Jan. 24 (Bloomberg) -- Groupon Inc., which last month rejected a $6 billion takeover offer from Google Inc., isn’t convinced it will sell shares in an initial public offering anytime soon, said Chief Executive Officer Andrew Mason.
The biggest daily deal website’s commitment to proceeding with an IPO this year is “less than 100 percent, that’s for sure,” Mason said in an interview at the Digital-Life-Design conference in Munich. “An IPO is something we are considering, but we’re just trying to learn more about the option at this point and understand the benefits and drawbacks.”
Groupon, based in Chicago, sells users discount vouchers for goods and services. It estimated this month that it will get $573.1 million of gross proceeds from an investment round, according to a regulatory filing. The company is also talking to Goldman Sachs Group Inc. and Morgan Stanley about an IPO, people familiar with the discussions have said.
Earlier in the month, Groupon completed a $950 million round of financing, a deal that valued the company at $4.75 billion, people familiar with the matter said. Groupon said it would use the funds to expand the business and buy back equity from existing shareholders.
Investors in the funding round included venture capital firms Andreessen Horowitz, Greylock Partners and Kleiner Perkins Caufield & Byers.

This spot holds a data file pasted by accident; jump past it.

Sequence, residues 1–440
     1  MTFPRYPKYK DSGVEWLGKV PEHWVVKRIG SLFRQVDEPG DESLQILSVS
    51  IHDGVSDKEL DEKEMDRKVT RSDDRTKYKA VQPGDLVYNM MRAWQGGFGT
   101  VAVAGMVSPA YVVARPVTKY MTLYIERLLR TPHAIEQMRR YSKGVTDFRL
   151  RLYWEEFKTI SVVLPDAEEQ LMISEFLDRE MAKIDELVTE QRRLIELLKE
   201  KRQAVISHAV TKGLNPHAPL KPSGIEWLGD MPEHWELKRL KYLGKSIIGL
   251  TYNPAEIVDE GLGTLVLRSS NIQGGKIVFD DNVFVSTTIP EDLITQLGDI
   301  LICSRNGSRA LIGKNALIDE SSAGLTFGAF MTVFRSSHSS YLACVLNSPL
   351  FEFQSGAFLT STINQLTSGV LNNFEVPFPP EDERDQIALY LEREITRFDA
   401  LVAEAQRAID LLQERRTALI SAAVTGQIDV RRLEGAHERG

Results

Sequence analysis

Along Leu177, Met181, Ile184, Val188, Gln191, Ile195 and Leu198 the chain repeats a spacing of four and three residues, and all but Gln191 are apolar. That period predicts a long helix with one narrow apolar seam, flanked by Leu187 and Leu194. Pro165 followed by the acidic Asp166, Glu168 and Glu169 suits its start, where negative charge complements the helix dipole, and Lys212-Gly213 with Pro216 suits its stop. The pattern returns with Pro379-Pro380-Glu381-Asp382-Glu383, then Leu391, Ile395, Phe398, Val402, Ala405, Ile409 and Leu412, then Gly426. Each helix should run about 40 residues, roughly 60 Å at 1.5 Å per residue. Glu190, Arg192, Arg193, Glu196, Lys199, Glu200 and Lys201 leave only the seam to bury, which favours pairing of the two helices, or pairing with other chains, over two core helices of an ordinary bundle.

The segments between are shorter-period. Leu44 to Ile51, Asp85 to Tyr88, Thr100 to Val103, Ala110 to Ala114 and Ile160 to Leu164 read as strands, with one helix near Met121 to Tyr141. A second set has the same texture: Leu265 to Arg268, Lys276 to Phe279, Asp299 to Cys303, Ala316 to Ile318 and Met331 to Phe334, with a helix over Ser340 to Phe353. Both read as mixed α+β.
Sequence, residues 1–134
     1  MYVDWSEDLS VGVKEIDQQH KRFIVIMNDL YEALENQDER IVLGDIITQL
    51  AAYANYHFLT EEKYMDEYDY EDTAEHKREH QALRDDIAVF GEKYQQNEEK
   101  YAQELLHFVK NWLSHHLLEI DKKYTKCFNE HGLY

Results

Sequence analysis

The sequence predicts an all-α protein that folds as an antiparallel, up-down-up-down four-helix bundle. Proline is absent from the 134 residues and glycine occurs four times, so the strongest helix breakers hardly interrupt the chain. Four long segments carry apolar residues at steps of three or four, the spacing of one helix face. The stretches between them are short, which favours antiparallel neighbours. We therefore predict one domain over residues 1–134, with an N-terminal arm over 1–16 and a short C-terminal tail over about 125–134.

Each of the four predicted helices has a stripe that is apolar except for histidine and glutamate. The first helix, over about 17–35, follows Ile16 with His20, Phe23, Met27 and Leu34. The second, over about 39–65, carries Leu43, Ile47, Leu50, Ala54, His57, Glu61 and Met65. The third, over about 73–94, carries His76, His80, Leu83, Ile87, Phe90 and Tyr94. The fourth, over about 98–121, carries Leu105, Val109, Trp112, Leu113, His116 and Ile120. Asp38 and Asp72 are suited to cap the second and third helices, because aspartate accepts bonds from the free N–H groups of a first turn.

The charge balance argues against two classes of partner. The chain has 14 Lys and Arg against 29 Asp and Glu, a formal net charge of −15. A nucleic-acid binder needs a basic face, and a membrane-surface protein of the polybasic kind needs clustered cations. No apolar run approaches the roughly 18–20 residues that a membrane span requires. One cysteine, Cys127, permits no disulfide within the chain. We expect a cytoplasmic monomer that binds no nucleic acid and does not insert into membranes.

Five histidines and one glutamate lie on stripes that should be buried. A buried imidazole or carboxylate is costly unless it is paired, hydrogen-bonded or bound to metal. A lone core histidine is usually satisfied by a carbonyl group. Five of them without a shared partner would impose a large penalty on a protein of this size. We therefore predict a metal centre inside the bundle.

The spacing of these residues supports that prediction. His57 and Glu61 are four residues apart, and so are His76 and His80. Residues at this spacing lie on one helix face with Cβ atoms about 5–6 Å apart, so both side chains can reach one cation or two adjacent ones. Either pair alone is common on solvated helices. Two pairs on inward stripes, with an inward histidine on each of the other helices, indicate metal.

The company, which is weighing the pros and cons of an IPO, will seek a bank with which it can have a long-term relationship, said Mason, who’s also the company’s founder, adding that “it’s less about where Groupon is this year than about where it will be ten years from now.”
Groupon sends daily deals to 50 million subscribers in 35 countries, up from 2 million subscribers in the U.S. a year ago. The company offers daily discounts of as much as 90 percent from businesses such as restaurants, nail salons and clothing stores. It then keeps a portion of the revenue.
“There are tons of local businesses all over the world that we hope to bring it to,” Mason said today. “We went from 3 million in 2009 to 50 million subscribers. We hope to grow at a similar pace in 2011.”
Mason said today that the bank chosen by the company could be useful later on for financing and “helping find the right kind of investors.”
While it leads the daily deal market, Groupon faces mounting competition from rivals such as LivingSocial. That company received $183 million in an investment round led by Amazon.com Inc. last month.
Google may also be considering a service similar to Groupon, called Offers, a challenge Mason shrugged off today.
“We don’t get too crazy about what other people are doing,” he said.
To contact the reporter on this story: Matthew Campbell in Munich through the Paris newsroom at email@example.com
To contact the editor responsible for this story: Vidya Root at firstname.lastname@example.org